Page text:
The Gender Tension Gap: addressing motivational barriers

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The Gender Tension Gap: addressing motivational barriers

Women at work must identify and address inherited motivational barriers that prevent them from realising their true leadership potential, argues Dr Celia de Anca.

One might wonder why the UK’s 20% gender pay gap among senior executives has not narrowed after two decades. While ‘external’ barriers, such as the lack of childcare support, social pressures and restrictive laws explain much of the difference, there is also a wide range of ‘internal’ barriers such as lack of self-confidence, passive expectations of pay and promotion, and guilt over time spent away from children to consider.

These deeply embedded motivational barriers, many of which have been passed down for generations, are at odds with the modern aspirations of women. The resulting internal tensions they create prevent women from realising their true leadership potential.

This can be better understood as part of a gender tension gap (GTG) model, which measures five dimensions of professional women’s lives: success, career journey, leadership, competencies, and reputation and identity. Three key observations emerge:

– that the gap between traditional and emerging gender expectations may be easy to identify but

– tensions created between present and aspirational gender expectations are not easily recognised; and

– that there is a wide diversity of those aspirational models.

The GTG is not correlated with economic development, but historically and culturally rooted. The early division of gender roles dates back to the agricultural revolution and evolved into enlightenment concepts of citizenship based around a male centred household. These norms were only seriously challenged in the 20th century. ‘How unpleasant it is to be locked out’ reflected writer Virginia Woolf on male-dominated institutions, before adding that ‘it is worse perhaps to be locked in.’

The failure to recognise the tensions arising from these incongruous traditional and future expectations have always carried consequences—whether it’s the disappearance of women in music after composition became more ‘mathematical’ (or masculine) in the 18th century, or more recently the loss of women in the video games industry. But how does this happen?

Consider, for example, the female response to work-place stress such as having a difficult boss. Most men would soldier on or seek another job. But many women seriously consider leaving work altogether to focus on home life. This is not to suggest that men (especially those from poorer or minority backgrounds) do not struggle with inherited cultural norms of their own, particularly to be the family breadwinner. Yet when it comes to career, they tend to retain a ‘linear’ perception of success (e.g. to be manager by age 30, director at 40 etc.) while women tend to be linear in their view of domestic success (i.e. first child by 30, family complete by 36 etc.). The question is whether this attitude represents an authentic choice or a cultural holdover?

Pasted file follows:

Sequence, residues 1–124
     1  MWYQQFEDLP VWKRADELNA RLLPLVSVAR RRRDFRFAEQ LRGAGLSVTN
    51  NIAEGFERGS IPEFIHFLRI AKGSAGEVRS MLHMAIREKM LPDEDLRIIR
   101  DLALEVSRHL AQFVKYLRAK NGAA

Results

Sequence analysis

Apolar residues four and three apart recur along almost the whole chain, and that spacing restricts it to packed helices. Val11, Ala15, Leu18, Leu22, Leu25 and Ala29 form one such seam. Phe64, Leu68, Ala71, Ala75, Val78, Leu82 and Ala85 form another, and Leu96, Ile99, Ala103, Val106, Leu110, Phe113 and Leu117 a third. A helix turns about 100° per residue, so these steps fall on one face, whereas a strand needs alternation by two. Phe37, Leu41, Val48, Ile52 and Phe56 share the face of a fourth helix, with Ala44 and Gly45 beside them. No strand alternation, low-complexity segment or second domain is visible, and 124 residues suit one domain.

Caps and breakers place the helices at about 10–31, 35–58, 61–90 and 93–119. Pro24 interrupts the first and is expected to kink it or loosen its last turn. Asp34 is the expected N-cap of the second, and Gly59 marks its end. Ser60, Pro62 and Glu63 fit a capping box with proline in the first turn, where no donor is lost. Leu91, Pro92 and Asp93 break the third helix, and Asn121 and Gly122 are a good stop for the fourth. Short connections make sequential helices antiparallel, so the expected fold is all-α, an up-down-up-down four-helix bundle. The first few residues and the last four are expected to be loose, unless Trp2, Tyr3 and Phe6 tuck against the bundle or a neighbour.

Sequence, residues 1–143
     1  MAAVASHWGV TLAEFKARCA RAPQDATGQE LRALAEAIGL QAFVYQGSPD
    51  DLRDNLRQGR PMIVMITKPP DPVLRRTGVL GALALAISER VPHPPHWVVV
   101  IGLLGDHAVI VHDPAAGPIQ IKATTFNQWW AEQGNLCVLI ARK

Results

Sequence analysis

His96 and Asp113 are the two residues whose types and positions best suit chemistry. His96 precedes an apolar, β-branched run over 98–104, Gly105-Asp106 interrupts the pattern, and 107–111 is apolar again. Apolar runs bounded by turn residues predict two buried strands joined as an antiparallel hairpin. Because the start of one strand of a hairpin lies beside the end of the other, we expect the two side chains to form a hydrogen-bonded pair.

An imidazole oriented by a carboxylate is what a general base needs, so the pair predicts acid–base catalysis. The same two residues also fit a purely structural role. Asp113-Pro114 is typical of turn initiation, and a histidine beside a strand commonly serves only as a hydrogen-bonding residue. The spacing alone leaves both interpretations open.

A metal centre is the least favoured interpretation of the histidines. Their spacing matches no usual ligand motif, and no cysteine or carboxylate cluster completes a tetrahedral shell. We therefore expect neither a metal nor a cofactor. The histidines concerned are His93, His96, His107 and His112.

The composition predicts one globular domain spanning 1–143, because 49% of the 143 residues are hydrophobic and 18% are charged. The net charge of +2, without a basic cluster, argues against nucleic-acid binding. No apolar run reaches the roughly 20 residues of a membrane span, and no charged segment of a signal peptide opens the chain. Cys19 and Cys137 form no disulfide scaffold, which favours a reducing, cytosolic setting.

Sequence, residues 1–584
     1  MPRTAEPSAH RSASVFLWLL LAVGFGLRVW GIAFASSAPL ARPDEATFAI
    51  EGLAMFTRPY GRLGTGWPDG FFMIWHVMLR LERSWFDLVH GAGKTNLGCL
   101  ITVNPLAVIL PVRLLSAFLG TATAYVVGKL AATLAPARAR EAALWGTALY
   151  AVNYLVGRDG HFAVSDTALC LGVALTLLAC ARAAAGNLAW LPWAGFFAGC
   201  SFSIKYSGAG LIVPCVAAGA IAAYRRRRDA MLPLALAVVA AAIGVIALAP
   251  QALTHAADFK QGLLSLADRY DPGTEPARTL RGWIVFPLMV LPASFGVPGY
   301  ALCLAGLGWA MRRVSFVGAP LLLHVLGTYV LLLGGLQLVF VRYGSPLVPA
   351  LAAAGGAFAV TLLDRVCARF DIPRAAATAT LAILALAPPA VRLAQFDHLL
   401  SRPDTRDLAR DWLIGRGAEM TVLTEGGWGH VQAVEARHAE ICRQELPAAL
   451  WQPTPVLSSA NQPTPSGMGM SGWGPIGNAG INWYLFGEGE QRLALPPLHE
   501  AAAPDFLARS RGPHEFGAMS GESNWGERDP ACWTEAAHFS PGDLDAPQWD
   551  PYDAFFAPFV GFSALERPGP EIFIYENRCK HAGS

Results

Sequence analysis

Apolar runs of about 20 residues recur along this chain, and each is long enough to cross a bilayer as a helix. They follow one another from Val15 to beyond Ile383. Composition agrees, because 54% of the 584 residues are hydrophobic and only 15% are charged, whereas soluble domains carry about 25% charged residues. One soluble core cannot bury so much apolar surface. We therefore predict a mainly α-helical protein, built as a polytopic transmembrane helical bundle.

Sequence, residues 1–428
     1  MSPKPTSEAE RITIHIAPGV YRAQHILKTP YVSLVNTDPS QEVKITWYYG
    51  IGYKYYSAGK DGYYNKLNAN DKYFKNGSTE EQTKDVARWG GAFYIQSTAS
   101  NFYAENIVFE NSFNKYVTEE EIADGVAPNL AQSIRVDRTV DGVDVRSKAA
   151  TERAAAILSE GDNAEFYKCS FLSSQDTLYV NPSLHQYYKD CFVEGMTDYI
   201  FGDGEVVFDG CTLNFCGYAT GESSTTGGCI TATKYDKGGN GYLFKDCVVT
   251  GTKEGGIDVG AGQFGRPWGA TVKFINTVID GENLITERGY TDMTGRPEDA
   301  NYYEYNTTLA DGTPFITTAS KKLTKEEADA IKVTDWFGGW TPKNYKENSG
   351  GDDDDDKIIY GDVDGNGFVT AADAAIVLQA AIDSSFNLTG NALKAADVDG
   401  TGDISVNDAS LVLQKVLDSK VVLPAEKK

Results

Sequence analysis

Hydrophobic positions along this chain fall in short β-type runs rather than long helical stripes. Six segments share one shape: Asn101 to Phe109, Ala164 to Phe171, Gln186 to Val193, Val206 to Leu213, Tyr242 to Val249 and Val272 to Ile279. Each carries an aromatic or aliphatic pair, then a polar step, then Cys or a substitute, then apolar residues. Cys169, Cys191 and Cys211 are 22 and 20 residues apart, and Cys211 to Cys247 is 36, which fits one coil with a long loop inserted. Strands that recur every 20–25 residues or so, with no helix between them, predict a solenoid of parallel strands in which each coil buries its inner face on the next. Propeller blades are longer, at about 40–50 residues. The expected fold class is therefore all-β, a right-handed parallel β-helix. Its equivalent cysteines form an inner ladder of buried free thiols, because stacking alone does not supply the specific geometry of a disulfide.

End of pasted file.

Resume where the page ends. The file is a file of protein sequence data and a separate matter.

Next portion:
Equality through authenticity

Women’s career challenge therefore lies in Kafka’s reference to ‘living in the present’ which requires women come to terms with the past while simultaneously preparing to fight for the future. Women may have inherited a normative model from their parents and grandparents. But in challenging these expectations they can establish a multiplicity of future models, including those that place individuality above gender. Moreover, typical internal barriers may change over time as women adopt less conventional family lifestyles or perhaps choose not to have children. It may even be that rebellious daughters reject their mothers’ quest for workplace equality, and decide to work part time or be stay-at-home mothers.

The path to equality may not run smooth. But determining authentic motivations (in men as well as women) through the gender tension gap model will help women better define what they are struggling against.

Celia De Anca is Professor of Global Diversity at Spain’s IE Business School. A version of this article first appeared in Financial Times | IE Business School Corporate Learning Alliance.


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